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Clin Drug Investig. 2008;28(3):149-58.

Effects of bisphosphonates on fracture incidence and bone metabolism in rheumatoid arthritis patients in general practice taking long-term corticosteroid therapy: a retrospective study.

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  • 1Katayama Orthopaedic Rheumatology Clinic, Asahikawa, Japan. kata_rehum@ai.wakwak.com

Abstract

BACKGROUND AND OBJECTIVE:

There is a risk that disturbances of activities of daily living (ADL) due to rheumatoid arthritis (RA) are increased by the occurrence of fractures, including vertebral compression fractures and femoral neck fractures, in RA patients receiving oral corticosteroid therapy. Bisphosphonates are most commonly used in the treatment of postmenopausal osteoporosis. In a large-scale, randomized, double-blind, placebo-controlled study that was performed to assess the prophylactic efficacy of bisphosphonates, alendronic acid decreased the incidence of vertebral fractures by approximately 50% compared with placebo in postmenopausal patients. A similar result has also been reported with risedronic acid. The present long-term retrospective study evaluated the effects of alendronic acid and risedronic acid therapy on development of new vertebral/non-vertebral fractures in RA patients receiving long-term oral prednisolone therapy at an average dose of 5 mg/day.

METHODS:

The subjects were 138 general practice patients aged 50-79 years with RA (alendronic acid group 80; risedronic acid group 58) who received oral prednisolone at a dose of 2-15 mg/day for at least 1 year combined with bisphosphonate therapy (alendronic acid 5 mg/day or risedronic acid 2.5 mg/day) for at least 10 months. Patients with five or more vertebral fractures at the start of bisphosphonate therapy were excluded from the study. Vertebral fractures were detected by obtaining plain x-ray films of the thoracic and lumbar spines at the start of bisphosphonate therapy and on completion of follow-up. We measured the incidence of new fractures, the speed of sound (SOS) at the calcaneus as measured by quantitative ultrasound, and levels of crosslinked N-telopeptide of type I collagen (NTX), a marker of bone resorption. The percentage change at each measuring point was tested using the paired t-test. The incidence of new fractures was compared between groups using the Cox proportional hazard model.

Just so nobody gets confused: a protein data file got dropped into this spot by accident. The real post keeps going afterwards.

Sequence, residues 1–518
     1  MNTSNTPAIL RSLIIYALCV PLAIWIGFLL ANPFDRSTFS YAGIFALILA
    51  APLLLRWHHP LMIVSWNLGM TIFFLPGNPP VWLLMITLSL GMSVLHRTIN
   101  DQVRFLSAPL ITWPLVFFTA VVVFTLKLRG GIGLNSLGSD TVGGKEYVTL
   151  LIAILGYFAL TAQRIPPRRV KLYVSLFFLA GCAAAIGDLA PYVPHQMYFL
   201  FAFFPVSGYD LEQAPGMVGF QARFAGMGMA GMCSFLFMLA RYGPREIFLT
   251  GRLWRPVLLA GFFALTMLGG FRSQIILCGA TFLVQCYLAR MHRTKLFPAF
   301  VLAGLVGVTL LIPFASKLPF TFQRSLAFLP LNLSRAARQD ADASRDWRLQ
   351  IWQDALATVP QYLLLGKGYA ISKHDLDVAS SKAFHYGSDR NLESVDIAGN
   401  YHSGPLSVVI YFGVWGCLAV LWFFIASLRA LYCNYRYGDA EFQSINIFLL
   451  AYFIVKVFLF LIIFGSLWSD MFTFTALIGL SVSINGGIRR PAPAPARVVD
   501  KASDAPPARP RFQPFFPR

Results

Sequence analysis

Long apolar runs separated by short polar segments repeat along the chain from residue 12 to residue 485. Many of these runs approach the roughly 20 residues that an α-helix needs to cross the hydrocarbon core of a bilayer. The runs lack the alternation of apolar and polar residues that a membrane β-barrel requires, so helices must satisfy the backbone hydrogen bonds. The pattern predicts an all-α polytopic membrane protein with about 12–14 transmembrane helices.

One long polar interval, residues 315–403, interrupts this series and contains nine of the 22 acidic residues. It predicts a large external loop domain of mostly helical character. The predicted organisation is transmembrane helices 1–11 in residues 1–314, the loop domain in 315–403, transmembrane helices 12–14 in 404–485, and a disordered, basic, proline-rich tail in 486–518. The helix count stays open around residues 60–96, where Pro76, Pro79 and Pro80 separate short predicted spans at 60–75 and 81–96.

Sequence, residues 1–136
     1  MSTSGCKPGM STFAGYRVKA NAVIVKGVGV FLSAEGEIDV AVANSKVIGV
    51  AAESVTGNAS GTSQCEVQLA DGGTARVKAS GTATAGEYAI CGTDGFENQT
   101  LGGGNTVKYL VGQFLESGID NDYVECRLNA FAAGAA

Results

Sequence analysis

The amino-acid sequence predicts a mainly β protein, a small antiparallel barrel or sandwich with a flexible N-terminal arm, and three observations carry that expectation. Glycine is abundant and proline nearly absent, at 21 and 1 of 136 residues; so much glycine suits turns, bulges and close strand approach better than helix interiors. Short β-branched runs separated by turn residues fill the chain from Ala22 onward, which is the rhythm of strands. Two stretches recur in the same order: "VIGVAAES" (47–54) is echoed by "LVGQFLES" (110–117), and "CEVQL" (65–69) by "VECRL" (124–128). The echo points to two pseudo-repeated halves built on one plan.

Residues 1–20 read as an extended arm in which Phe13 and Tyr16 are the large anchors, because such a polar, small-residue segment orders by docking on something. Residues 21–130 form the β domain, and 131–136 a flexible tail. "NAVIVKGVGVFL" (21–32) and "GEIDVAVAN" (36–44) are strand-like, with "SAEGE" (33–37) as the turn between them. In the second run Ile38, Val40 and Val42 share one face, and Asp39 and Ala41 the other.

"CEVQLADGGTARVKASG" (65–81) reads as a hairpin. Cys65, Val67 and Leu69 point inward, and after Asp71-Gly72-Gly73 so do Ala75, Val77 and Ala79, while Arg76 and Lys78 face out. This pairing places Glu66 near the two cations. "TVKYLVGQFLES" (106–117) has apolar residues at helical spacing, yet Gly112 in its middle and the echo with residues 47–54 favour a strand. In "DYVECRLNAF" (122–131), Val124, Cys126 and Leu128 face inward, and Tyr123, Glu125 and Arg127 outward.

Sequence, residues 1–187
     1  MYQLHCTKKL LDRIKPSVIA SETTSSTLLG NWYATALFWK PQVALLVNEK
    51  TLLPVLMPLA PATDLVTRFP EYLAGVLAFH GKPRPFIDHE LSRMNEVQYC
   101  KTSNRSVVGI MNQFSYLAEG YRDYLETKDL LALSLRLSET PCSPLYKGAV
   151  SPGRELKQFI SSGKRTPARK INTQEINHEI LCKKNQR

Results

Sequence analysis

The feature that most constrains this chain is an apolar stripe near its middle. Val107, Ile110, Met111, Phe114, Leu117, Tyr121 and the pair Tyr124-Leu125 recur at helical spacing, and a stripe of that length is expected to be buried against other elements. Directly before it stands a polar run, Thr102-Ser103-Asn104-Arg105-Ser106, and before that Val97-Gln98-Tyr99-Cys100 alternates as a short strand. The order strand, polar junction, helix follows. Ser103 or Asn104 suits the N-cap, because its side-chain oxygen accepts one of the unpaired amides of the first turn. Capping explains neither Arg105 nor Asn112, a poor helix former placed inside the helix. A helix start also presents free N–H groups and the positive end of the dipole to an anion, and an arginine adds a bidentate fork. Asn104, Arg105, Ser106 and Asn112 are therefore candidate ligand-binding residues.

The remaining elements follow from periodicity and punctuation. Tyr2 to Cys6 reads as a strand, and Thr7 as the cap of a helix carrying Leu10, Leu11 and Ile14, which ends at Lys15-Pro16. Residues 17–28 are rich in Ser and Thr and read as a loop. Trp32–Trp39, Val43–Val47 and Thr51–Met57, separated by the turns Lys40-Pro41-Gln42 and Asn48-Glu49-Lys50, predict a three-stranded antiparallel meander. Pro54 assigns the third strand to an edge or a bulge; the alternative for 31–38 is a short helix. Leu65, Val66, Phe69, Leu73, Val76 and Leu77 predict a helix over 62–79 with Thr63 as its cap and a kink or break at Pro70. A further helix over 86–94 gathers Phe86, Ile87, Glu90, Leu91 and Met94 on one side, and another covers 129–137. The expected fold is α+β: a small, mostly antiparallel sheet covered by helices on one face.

RESULTS:

The incidence of new vertebral fractures was 6.3% in the alendronic acid group and 13.8% in the risedronic acid group; the incidence of new non-vertebral fractures was 6.3% and 12.1%, respectively. The incidence of any fracture was significantly higher and severe fractures tended to be more common in the risedronic acid group. Analysis by the Cox proportional hazard model revealed a significant difference between the two groups with respect to the cumulative incidence of new fractures (p = 0.0386). The SOS of the calcaneus showed no appreciable difference between the two groups. NTX measurements indicated that antiresorptive activity was maintained from 6 months of treatment onwards in the alendronic acid group but not in the risedronic acid group.

CONCLUSION:

These findings suggest that alendronic acid has a stronger prophylactic effect against fractures than risedronic acid in RA general practice patients taking long-term corticosteroid therapy.

PMID:
18266400
[PubMed - indexed for MEDLINE]
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